July 21, 2024
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Shortened Breath and Shuttered Imaginations

Moshe’s first attempt to liberate the Jews didn’t fare well. He was mocked by Pharaoh and scorned by his own people, shocked by their increased workload. Recovering from this debacle, Moshe unveils a bold new message. He doesn’t merely speak about freedom in general, but broadcasts four specific “divine promises”—to liberate, to rescue, to redeem and to adopt the Jews as a chosen nation. These four “announcements”—known as the “four terms of redemption” or “arba leshonot geula”—are designed to sway public enthusiasm and muster support for Moshe’s revolution.

Unfortunately, the Jewish people are unmoved. They completely disregard Moshe’s assurances. Too many years of persecution and too many years of hopelessness had shuttered their imaginations and shattered their trust. Long-term prospects of nationhood or of life in Israel are too remote for them to envision. As the Torah describes, they were short of breath (kotzer ruach) and were burdened by crushing slavery (avodah kashah). For too many years, these slaves operated in “survivor mode”—putting one foot ahead of the other, merely to make it through the day. They lacked the imaginative sweep to look beyond the squalor of slavery to a more radiant future. Their vision was sealed.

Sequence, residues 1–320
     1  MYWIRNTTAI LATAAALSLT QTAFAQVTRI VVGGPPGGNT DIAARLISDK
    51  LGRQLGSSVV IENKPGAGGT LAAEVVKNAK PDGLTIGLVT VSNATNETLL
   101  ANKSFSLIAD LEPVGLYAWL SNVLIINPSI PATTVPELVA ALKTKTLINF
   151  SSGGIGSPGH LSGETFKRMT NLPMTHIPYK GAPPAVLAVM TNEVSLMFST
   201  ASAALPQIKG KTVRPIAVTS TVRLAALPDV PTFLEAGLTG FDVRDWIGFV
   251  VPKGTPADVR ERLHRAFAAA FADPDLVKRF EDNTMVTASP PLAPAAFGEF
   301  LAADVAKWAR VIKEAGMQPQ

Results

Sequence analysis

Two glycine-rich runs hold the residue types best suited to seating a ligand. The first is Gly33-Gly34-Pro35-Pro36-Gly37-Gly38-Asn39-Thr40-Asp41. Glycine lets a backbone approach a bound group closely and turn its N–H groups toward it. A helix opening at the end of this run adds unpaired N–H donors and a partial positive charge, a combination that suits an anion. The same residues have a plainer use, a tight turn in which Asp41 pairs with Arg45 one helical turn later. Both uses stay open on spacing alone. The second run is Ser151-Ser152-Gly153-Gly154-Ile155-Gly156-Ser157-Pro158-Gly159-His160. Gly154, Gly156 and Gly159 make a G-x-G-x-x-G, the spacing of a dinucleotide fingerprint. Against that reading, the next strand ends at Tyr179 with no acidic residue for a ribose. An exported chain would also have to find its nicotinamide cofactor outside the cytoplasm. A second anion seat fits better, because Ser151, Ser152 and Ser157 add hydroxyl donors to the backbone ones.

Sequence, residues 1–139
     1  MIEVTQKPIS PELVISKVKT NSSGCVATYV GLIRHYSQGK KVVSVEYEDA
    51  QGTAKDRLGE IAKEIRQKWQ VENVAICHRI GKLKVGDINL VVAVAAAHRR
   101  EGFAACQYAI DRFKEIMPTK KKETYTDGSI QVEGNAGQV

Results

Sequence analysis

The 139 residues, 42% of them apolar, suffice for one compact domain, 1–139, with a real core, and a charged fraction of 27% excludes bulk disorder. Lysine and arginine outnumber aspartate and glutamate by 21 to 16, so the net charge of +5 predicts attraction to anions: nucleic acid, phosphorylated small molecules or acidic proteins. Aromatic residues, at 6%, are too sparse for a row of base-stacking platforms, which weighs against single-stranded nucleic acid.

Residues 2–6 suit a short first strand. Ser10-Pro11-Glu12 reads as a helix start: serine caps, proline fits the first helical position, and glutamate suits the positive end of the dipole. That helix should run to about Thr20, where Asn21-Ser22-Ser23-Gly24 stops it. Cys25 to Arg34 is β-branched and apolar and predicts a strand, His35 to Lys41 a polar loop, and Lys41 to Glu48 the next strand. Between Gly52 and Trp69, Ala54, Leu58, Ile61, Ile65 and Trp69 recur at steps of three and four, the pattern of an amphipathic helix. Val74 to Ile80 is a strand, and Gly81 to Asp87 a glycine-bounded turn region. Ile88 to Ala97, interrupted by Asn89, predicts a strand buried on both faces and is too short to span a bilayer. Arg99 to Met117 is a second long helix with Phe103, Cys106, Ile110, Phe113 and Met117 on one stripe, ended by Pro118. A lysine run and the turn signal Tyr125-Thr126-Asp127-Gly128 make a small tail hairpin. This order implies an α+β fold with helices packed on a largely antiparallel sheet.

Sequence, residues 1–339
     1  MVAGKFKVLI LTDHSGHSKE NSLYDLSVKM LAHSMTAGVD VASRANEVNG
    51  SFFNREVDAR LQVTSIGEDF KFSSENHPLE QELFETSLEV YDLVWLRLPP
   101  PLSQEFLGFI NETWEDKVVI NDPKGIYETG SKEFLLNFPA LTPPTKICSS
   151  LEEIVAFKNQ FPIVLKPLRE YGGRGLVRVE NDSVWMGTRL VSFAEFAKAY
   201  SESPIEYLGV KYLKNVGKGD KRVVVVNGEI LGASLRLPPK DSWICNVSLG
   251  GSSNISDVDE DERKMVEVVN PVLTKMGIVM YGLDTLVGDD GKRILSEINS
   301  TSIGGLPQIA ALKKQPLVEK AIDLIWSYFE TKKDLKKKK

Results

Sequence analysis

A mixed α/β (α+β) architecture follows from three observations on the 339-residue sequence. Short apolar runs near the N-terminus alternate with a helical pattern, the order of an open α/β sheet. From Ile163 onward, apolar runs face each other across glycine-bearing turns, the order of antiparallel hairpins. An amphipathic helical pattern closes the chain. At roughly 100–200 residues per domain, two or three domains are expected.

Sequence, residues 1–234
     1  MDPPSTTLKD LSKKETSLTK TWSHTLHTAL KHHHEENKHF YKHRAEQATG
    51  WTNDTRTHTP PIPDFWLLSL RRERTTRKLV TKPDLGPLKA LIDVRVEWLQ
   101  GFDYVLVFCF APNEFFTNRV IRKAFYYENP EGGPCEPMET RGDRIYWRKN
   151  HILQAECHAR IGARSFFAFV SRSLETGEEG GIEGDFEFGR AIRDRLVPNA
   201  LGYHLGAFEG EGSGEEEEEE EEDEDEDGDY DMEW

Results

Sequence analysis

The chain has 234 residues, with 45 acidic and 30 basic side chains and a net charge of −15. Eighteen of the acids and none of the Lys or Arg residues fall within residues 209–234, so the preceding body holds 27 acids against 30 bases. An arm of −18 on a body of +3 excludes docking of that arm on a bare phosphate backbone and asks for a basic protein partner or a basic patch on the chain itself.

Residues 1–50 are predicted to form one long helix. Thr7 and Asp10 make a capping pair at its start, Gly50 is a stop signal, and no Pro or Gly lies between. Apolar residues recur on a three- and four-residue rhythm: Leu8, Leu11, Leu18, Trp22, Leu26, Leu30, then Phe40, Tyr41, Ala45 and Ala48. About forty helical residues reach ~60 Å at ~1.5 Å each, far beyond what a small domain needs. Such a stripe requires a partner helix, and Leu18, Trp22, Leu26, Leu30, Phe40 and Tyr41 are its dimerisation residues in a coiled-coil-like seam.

Sadly, their “voice” is also muted. Moshe had hoped to rally the Jews as partners in redemption. Unfortunately, as they can barely “breathe,” they can’t be expected to invest in grandiose visions of “tomorrow.” As the makkot unfold, the Jews are completely passive, waiting on the sidelines, as Hashem dismantles Egyptian culture and sacks Egyptian pride. The slaves only “find their voice” in the days leading up to the actual liberation, hurriedly preparing for the Pesach evening ceremonies. Only when redemption is immediately at hand do they awaken. Long-term vision has been crushed by slavery. It will take some time to rebuild.

What has happened to our long-term vision in the modern world? We may not face actual bondage, but our long-term vision has been similarly suppressed. The Pharaoh that enslaves us is a faceless tyrant—the culture of busyness. We live in an ever-busy society of productivity, output and efficiency. We suffer from an ironic “paradox”: we had assumed that industrialization and technology would liberate us from the heavy toll of manual labor and improve our quality of life. Has this really occurred?

As difficult as life was under the weight of manual labor, natural regulators limited our work. Nighttime brought darkness and the cessation of industry. In the modern world, electricity has converted nighttime into day, stretching our work beyond the daytime hours. Manual labor was always intrinsically restricted: at a certain stage our bodies “gave out,” pausing human labor to allow for physical recovery. Our work is less physical, and there are no “natural limits” to how long we can work or how productive we can be. It seems as if we can always be a bit more productive if we just work a little harder or a little longer.